I can’t remember exactly when it was I decided that I wanted – no, needed – to learn to draft my own patterns. In my past sewing experiences, I confined my own designing to making changes in commercial patterns. You know: you change a sleeve, or tweak a collar, you make creative fabric selection, or ditch a zipper. In the end you believe it is truly yours. Well, that’s okay, but it does limit creative expression, and when I found myself continually having to tweak commercial patterns for fit, that’s when I realized I really needed to create my own patterns. So I started the courses to learn.
After a year of following several courses, creating a personal bodice sloper from a personal moulage, then learned a thing or two about operations necessary for creating patterns from that sloper, I finally created my first pattern. By the end of my last post I had completed the final muslin for my first totally self-designed pattern, and was ready to embark on creating a muslin for the commercial pattern that was also in contention for a particularly nice piece of shirting fabric. Here’s how that process went.
When I first clapped eyes on McCall’s 7546 earlier this spring, it was the sash that drew me to it. I like the idea of tailored shirts with body-conscious shaping. My own design this spring incorporates that idea, but does it differently.
First, my own design has princess seams.
Although 7546 looks as if it has princess seams, it really has slashed darts from the armholes that end some distance above the hem in both front and back.
The sashes are also different. The one I designed is sewn into the side seams leaving the back unencumbered. The McCall’s pattern has a wider sash that originates in the back seam resulting in a bit of a bulge – at least it was in unbleached cotton. I could only hope that it would be smoother in a smooth shirting fabric.
The necklines are also quite different as you can see. My own design has a mandarin collar – a design I love. The commercial pattern has an open collar with a collar stand. And of course, the sleeves in the dueling designs are so very different: my own is sleeveless, while the McCall’s has full-length sleeves with a cuff – one version with a so-called cold shoulder, the other without.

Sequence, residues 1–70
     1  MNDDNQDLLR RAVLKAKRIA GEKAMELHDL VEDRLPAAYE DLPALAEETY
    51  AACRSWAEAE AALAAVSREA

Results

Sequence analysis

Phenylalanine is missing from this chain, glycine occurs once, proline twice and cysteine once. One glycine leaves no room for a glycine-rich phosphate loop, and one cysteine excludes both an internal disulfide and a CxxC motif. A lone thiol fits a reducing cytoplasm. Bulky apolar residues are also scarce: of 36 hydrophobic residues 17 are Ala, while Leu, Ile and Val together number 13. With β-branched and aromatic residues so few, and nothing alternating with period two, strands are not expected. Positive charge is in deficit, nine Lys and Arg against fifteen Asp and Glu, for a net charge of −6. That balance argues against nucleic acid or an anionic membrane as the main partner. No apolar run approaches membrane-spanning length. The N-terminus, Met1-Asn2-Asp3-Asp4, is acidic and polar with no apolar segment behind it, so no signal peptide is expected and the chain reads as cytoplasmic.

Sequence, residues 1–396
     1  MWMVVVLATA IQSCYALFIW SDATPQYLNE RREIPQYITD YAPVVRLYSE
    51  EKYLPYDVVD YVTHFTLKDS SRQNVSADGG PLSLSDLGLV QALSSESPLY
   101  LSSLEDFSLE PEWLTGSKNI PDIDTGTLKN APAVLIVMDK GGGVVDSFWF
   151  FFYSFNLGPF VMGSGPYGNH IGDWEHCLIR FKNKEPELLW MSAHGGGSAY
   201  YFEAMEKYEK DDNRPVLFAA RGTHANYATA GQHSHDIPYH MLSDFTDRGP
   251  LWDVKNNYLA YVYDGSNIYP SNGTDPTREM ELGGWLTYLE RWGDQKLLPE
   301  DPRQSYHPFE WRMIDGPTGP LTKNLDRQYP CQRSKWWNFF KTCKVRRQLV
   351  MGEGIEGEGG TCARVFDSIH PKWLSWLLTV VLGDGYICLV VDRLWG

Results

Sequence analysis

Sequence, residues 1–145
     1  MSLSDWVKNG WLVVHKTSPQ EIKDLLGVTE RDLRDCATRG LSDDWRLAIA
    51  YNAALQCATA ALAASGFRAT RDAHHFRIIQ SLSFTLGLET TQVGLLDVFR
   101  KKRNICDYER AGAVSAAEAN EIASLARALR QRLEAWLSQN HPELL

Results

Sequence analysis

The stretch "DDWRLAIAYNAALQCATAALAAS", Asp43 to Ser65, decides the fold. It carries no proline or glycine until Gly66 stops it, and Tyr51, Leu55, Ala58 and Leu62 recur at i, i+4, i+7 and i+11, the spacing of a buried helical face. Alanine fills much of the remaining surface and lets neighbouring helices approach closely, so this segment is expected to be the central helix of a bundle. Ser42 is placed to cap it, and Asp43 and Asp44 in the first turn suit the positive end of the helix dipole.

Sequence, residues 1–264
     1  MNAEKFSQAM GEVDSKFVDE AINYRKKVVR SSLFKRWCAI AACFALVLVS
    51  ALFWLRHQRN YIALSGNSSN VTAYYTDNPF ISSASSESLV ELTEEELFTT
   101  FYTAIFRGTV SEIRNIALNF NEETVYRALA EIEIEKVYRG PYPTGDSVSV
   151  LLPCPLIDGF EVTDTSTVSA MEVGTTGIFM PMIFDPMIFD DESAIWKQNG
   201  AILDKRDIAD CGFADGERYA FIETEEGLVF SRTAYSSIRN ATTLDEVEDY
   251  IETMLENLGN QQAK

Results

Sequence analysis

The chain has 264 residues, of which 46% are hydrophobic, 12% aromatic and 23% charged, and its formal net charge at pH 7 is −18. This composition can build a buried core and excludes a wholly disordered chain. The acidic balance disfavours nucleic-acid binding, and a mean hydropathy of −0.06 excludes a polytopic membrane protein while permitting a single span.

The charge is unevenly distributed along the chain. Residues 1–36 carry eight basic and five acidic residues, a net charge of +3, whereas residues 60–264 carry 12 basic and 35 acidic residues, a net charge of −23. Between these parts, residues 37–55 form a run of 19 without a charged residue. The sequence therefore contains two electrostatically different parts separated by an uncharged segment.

It was not in any way the cold-shoulder sleeves that attracted me to this pattern. This design feature is certainly ubiquitous in spring/summer 2017 ready-to-wear, and I have to say its popularity puzzles me a bit. Maybe it’s the Toronto weather: too cold in winter for cold-shoulders, too hot in summer for any sleeves at all. Anyway, I did buy one this year, but I’m not really sure where I’ll wear it other than on a cruise through the Panama Canal this fall. I never wear prints, and on pain of death avoid the “boho” look. Wonder what got into me? Anyway, I decided that I’d make up one of those sleeves when I created the muslin. Hmm. That was interesting.
So many sleeves, so little fabric! I decided that in the interests of making a decision, and the fact that I was unconvinced about the cold-shoulder, I should cut and sew two different sleeves for this test garment.
I first cut and sewed the cold-shoulder with the cuff, then drafted up a three-quarter length sleeve using the armscye of the pattern and my own sleeve sloper – since the sleeve from the pattern seemed a tad wide for my arms in any case. So here’s what I got on the first try.
The cold-shoulder sleeve was hideously large, gaping even more than the photos show. My own ¾ sleeve, on the other hand, wasn’t so bad. But it didn’t seem quite finished. So I unpicked them both and cut the commercial sleeve without the cold shoulder. I also re-drafted my own slightly shorter and a tad wider to accommodate an external facing. Here’s what these two looked like.
So here I am, having to make a decision before cutting into the Mood fabric. I really loved my own design – the look and the fit. But I realized that the fabric might not be the best for it. So the winner is: the commercial pattern. But I’m making it with my second three-quarter length sleeve. So, I guess it’s my own design? Not so much.
I have cut it out and begun to sew, but I’m off to the Toronto garment district this week to find the perfect fabric for my own design!